Can we do more to prevent poverty and adversity in childhood?

30 September 2016

Guest blogger Pauline Craig looks at recent research into early childhood experiences and outcomes in later life.

Early childhood experiences are powerful predictors of good or poor outcomes in later life. The recent GCPH report, Health and early years, children and young people: a GCPH synthesis, is an important resource for public policy makers as a reminder of the policy areas we need to focus on for every child to have the best start in life.

The impact that poverty has on children’s opportunities and development appears again and again in this report and others. We need to address child poverty if we want to work towards an equal distribution of good health and wellbeing across the population.

Absolute poverty blocks access to the resources families need for healthy, growing children. The stigma and discrimination experienced as a result of relative poverty further entrenches inequality in later life. Of course we know that many people show steely resilience to the toxic stress of early poverty and adversity, working through their circumstances to achieve success in later life, but at what cost?  

The Adverse Childhood Experiences (ACEs) research explored recently by ScotPHN demonstrates a higher risk of poor outcomes and damaging behaviours resulting from difficult circumstances in childhood. While child poverty was not included in the original ACEs research, it is clear that poverty increases the risk of experiencing stress in family relationships and challenging environments. Adverse childhood circumstances underpinned by poverty can be deeply damaging throughout life.

Much of the evidence presented and the actions proposed in the GCPH synthesis will already be familiar to those of us with an interest in children and inequality (although perhaps rarely in such a digestible form).

Data from elsewhere backs up the report’s emphasis on poverty and adversity. The Child Poverty Action Group (CPAG) recently reported that child poverty is forecast to be on an upward trend. ScotPHO found that emotional health might be deteriorating in secondary school pupils. ScotPHO also report that health inequalities in the population are increasing. There is no question that childhood adversity is damaging throughout the life course and has to be addressed as a priority.

At NHS Health Scotland we welcome the Scottish Government’s willingness to retain a focus on child poverty and its measurement. We aim to strengthen the potential for public services to mitigate the impact of poverty and adversity in childhood in a number of ways including: producing profiles and research reviews; helping to implement across Scotland findings from Healthier Wealthier Children and Cost of the School Day; informing development of the Child Poverty Bill; focusing action for lone parents; and promoting rights based approaches to person-centred and inequalities sensitive services.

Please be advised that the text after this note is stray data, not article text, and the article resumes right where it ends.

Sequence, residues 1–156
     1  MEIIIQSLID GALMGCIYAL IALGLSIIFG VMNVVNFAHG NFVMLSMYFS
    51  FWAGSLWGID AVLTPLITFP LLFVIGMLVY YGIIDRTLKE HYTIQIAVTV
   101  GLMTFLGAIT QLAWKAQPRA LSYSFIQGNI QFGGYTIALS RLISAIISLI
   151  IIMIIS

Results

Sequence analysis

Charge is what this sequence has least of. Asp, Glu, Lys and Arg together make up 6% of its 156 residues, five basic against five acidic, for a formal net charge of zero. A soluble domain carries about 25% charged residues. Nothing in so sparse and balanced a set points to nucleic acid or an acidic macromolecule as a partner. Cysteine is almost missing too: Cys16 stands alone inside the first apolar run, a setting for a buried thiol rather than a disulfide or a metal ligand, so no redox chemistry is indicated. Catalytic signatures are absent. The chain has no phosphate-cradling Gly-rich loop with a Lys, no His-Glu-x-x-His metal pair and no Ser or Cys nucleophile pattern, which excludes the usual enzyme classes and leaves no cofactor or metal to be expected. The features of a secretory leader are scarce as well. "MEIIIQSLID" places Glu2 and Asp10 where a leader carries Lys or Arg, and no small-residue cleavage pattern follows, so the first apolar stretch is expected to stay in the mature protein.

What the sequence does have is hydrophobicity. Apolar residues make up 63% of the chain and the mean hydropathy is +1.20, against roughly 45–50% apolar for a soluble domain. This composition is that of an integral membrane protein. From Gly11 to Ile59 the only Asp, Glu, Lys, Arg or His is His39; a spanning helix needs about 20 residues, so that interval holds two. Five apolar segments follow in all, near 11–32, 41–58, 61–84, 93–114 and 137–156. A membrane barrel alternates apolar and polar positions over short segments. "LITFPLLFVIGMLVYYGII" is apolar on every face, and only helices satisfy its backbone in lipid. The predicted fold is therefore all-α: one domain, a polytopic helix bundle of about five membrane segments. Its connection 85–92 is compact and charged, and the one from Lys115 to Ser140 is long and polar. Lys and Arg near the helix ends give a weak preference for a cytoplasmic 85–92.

As part of this, we are working across the health and social care system and beyond to stimulate a Scottish societal response to adversity in childhood. We will agree immediate priorities following our ACEs event in Edinburgh on 28th November 2016.

The GCPH synthesis offers examples in policy and practice of joined up working and more attention being paid to the impact of poverty and adversity in childhood. This will help us strengthen our work to mitigate the impact of poverty and adversity on children, build resilience in families and prevent long lasting damage from difficult childhood circumstances as children develop into young people and on through their life-course.

Focusing on children in difficulties now will reduce inequalities between tomorrow’s adults. A whole system approach is needed where no child is left in need of the love, nurture, materials and environment they need for a good start in life. 


About the author

Pauline Craig Head of Population Health, Health Equity Directorate, NHS Health Scotland


Pauline is a public health specialist leading a team that includes programmes on children’s and young people’s health, gender-based violence, public mental health and immunisation and screening. Previous posts focused on equity of service provision in health-related services and included leading a programme of work in Glasgow Centre for Population Health from 2005-2010. She achieved her Doctorate in 2008 for a study of the role of primary care in addressing inequalities in mental health. 

Read all articles by Pauline Craig

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